Stop migrant exploitation: COSATU

A Confederation of South African Trade Unions official has warned employers against the exploitation of migrants.


South Africa is home to an estimated three million Zimbabwean migrants, who constitute the biggest foreign population, following political and economic crises caused by President Robert Mugabe’s failed rule.

Zwelinzima Vavi, Secretary-general of the neighbouring country’s biggest worker movement, said that xenophobia would be re-fuelled if industries relied on expatriates, who he said constituted a significant proportion of informal sector workers.

“Many employers, particularly in construction, catering and farming, exploit the chance to employ vulnerable, sometimes illegal, workers and reduce their labour costs, as well as flouting labour standards or dealing with trade unions,” said Vavi.

“This can generate conflict and tension between South African workers and immigrants, both legal and illegal, and fuel the xenophobia which is emerging in South Africa. Large numbers of vulnerable, informal workers are women, including domestic workers, seasonal workers in agriculture, the retail and catering sectors.”

The COSATU leader said the majority of employers did not comply with labour standards and laws that are supposed to protect the refugees.

“The vast majority of these informal workers are not organised in unions. This makes them vulnerable to many different kinds of exploitation and oppression. The existence of this growing army of unorganised workers inevitably impacts on the power and conditions of unions in the formal sector. It enables employers to reject wage demands by threatening to sack the workers, outsource their operations and hire other workers from labour brokers.”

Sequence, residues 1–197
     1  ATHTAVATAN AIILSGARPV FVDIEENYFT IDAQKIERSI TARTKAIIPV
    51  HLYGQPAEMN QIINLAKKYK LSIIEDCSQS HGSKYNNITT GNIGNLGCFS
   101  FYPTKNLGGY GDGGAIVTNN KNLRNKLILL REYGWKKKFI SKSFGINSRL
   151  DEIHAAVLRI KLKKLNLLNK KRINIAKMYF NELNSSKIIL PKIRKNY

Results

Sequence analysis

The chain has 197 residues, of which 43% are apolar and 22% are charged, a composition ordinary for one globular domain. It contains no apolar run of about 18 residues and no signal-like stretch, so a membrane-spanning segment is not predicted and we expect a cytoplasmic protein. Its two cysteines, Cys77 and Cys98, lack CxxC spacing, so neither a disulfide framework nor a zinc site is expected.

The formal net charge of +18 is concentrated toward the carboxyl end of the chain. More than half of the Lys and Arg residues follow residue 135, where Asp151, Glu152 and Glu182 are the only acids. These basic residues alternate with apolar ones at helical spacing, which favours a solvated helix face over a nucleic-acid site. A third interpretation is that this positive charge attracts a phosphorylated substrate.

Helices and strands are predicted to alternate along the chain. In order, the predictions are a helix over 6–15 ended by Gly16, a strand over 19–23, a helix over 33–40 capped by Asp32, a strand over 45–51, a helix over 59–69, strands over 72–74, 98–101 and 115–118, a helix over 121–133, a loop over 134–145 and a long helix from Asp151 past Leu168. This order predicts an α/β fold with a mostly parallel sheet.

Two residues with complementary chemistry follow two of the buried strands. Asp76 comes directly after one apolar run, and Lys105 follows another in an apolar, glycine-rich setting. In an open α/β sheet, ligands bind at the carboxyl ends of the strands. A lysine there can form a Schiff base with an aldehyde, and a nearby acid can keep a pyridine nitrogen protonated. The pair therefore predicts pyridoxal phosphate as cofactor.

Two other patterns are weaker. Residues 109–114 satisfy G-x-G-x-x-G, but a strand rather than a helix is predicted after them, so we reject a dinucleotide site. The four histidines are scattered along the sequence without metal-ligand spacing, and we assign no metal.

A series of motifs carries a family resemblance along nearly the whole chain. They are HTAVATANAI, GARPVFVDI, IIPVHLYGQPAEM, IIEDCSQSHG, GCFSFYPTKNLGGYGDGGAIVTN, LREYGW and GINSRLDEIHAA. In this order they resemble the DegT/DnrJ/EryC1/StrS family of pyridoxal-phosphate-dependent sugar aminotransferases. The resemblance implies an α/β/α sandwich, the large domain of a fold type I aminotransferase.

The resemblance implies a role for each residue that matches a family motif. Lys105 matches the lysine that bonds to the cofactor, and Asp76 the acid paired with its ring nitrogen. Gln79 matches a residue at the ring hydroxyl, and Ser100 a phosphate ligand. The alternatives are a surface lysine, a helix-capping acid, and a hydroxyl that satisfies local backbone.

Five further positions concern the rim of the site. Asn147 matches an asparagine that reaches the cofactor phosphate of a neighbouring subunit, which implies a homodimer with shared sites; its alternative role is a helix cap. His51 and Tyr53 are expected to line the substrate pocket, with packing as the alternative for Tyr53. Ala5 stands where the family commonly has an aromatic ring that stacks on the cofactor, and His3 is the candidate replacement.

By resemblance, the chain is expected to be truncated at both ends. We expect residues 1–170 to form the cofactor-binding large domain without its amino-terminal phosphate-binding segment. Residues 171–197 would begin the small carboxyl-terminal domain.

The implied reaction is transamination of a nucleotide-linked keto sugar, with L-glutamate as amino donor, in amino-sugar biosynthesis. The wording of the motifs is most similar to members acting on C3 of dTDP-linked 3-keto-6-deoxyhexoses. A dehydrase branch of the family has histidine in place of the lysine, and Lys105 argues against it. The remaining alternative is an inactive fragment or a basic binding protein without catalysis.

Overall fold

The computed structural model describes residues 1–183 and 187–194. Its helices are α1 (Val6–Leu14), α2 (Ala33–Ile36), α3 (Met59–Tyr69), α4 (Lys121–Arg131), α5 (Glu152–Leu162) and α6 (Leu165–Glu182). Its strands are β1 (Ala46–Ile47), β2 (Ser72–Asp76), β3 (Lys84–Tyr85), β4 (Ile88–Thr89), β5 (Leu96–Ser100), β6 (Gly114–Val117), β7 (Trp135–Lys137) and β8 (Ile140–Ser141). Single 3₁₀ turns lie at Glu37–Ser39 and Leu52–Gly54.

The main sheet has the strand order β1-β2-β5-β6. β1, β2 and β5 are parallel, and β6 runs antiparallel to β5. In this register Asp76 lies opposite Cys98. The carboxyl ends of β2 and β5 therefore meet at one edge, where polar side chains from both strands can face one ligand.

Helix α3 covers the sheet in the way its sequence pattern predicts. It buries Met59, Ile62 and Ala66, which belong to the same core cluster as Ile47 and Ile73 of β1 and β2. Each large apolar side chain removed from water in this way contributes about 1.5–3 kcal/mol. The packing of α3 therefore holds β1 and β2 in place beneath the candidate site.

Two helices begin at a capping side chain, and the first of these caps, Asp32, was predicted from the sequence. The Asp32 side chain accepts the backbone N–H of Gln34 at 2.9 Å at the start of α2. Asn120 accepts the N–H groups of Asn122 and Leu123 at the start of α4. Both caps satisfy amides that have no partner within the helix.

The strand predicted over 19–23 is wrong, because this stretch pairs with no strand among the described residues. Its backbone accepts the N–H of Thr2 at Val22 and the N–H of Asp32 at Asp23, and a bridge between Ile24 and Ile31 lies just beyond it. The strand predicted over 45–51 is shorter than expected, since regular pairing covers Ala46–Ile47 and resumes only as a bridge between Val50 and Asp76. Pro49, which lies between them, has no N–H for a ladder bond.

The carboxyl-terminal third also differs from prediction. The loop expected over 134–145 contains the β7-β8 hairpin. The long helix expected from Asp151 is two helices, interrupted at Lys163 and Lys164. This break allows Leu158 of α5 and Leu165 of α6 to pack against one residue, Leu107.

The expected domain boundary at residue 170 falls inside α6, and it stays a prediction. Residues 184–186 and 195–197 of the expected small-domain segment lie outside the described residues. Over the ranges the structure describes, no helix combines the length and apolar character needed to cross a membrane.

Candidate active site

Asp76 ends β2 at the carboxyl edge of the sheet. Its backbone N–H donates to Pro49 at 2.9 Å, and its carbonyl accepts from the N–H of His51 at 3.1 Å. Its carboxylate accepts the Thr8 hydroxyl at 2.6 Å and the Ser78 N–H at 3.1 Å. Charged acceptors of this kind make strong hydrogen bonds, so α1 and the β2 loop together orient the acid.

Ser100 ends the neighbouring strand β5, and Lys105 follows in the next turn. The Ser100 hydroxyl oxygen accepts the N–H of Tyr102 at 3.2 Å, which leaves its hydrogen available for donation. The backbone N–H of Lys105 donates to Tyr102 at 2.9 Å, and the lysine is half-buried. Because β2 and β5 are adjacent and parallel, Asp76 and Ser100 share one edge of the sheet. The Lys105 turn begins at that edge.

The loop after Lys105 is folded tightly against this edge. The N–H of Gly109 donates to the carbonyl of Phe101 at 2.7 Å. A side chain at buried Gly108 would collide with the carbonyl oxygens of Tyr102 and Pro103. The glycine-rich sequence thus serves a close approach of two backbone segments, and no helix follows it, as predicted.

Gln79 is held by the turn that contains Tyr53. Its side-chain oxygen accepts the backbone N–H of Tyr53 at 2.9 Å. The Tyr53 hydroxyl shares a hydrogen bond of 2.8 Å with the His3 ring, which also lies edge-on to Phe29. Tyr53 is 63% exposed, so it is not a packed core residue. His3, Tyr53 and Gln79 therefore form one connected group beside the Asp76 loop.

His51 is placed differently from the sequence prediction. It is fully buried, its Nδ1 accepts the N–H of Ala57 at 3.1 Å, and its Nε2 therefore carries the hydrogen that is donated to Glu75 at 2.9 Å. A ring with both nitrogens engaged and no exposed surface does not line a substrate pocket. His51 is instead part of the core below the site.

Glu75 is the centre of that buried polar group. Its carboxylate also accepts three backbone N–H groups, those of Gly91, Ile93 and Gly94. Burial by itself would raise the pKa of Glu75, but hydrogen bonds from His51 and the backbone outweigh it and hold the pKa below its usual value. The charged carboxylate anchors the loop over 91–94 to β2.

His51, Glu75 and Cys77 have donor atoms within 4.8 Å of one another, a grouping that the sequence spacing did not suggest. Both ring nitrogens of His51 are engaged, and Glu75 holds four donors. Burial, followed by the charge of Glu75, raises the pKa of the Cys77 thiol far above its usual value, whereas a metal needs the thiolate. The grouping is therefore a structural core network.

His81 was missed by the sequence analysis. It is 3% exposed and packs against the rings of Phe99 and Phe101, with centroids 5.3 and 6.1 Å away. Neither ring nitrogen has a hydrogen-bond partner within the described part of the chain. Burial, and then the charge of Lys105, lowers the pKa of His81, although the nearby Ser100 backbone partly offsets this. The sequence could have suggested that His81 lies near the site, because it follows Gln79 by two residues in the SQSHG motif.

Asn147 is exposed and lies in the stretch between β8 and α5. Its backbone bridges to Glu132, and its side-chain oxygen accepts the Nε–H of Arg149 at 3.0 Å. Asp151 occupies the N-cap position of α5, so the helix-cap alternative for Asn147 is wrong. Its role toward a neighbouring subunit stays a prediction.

Vavi accused labour brokers of impoverishing workers.

“Labour broking amounts to the trading of human beings as commodities. They agree with the so-called ‘client’ company to supply them labour for an agreed price, while the true suppliers of the labour, the workers, are excluded from this process, thereby undermining their rights to negotiate wages and employment terms,” he added.

“Apart from undermining collective bargaining rights, labour brokers are also often suppliers of scab labour to replace workers on strike, with the aim of undermining the right to embark on industrial action. COSATU is determined to fight for the banning of this modern form of slavery. So long as labour brokers are allowed to operate freely, the establishment of decent work will remain a pipe-dream.”

Post published in: News

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